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Introduction: The Belly and Beyond

Body, Self, and Culture in Ancient and Modern Times
  • Ana Carden-Coyne
  • Christopher E. Forth

Abstract

We live in a world obsessed with abdomens, where the “belly,” “tummy,” or “gut” are objects of vigilance and, quite frequently, sources of anxiety. If in modern Western societies post-Cartesian thought has often disqualified the body in favor of the mind, in everyday life the belly continues to bear considerable cultural weight. Embracing as it does much of the digestive system, physiologically the belly is the primary site of incorporation, where food is directly assimilated into the body, where it is literally made into flesh. This deceptively simple point is complicated by the many ways in which eating, digestion, and excretion have been understood, both as objects of medical and scientific knowledge as well as targets of personal bodily reform. After all, at the same time that it does the work of digestion, the belly is also considered the metaphorical location of appetite itself. Far from dying out, these concerns have persisted throughout the early modern period and well into the nineteenth and twentieth centuries, and have included along the way anxieties about proper chewing, constipation, nutrition, exercise, and weight loss.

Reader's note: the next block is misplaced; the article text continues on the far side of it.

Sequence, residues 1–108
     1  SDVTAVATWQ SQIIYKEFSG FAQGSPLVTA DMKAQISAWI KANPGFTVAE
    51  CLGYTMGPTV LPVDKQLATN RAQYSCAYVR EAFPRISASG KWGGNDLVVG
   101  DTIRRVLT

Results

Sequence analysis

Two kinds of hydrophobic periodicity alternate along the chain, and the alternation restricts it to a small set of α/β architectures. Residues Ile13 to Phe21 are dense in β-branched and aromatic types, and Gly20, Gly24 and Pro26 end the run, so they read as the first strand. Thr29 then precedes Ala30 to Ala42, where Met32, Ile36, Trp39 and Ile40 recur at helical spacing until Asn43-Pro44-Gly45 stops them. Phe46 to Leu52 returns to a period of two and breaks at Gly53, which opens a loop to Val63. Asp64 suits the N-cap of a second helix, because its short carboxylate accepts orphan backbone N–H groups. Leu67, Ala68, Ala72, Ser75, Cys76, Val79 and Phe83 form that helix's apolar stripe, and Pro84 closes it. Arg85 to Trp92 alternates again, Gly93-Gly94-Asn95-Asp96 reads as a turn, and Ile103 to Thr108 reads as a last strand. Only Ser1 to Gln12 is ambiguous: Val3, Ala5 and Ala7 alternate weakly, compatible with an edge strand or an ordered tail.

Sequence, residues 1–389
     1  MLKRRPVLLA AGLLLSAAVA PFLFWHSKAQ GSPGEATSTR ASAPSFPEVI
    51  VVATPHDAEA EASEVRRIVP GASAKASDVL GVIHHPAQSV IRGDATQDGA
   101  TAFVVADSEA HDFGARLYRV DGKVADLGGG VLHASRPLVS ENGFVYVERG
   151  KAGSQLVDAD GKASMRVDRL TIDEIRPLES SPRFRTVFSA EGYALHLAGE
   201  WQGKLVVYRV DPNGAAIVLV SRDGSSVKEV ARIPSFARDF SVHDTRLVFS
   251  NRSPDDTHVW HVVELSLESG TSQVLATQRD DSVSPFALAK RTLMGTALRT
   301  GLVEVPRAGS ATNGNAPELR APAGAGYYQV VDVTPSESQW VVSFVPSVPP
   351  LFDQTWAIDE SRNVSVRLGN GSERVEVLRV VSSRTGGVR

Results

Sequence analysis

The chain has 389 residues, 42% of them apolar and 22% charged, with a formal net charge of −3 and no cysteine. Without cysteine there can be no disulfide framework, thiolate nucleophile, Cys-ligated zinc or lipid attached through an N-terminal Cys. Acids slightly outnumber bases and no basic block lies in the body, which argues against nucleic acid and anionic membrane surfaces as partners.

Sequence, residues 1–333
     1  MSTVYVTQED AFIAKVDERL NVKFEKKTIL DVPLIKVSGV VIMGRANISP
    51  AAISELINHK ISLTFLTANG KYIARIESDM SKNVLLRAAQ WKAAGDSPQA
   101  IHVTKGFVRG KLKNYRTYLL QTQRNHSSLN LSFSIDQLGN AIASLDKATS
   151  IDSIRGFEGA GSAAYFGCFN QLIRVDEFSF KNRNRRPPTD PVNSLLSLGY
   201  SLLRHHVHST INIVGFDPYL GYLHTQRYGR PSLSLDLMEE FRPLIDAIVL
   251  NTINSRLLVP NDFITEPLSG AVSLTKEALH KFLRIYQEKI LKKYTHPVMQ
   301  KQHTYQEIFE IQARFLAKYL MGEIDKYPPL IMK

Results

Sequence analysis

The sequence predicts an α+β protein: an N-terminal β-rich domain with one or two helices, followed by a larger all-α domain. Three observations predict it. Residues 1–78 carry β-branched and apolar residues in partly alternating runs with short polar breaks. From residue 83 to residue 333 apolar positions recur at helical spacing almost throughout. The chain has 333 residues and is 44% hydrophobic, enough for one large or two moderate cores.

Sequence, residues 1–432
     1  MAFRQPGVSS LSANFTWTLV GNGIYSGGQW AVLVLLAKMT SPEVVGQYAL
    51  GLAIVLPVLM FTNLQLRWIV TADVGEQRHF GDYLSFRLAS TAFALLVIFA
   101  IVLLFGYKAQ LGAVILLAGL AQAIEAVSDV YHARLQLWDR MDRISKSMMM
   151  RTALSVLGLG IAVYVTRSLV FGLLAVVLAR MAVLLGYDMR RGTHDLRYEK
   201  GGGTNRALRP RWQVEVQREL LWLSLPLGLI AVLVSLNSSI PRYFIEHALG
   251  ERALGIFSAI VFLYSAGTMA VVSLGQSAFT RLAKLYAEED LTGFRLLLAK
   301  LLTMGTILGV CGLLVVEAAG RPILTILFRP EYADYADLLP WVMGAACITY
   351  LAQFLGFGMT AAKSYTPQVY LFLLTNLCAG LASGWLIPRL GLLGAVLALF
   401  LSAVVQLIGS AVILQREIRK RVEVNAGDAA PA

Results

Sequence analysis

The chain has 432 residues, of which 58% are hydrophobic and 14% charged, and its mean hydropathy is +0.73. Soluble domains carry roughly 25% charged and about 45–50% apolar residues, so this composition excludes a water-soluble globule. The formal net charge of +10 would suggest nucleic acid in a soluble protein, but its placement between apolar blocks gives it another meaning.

Keywords

Feminist Issue Early Modern Period Modern Western Society Greek World Crime Fiction 
These keywords were added by machine and not by the authors. This process is experimental and the keywords may be updated as the learning algorithm improves.

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Notes

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Copyright information

© Christopher E. Forth and Ana Carden-Coyne 2005

Authors and Affiliations

  • Ana Carden-Coyne
  • Christopher E. Forth

There are no affiliations available

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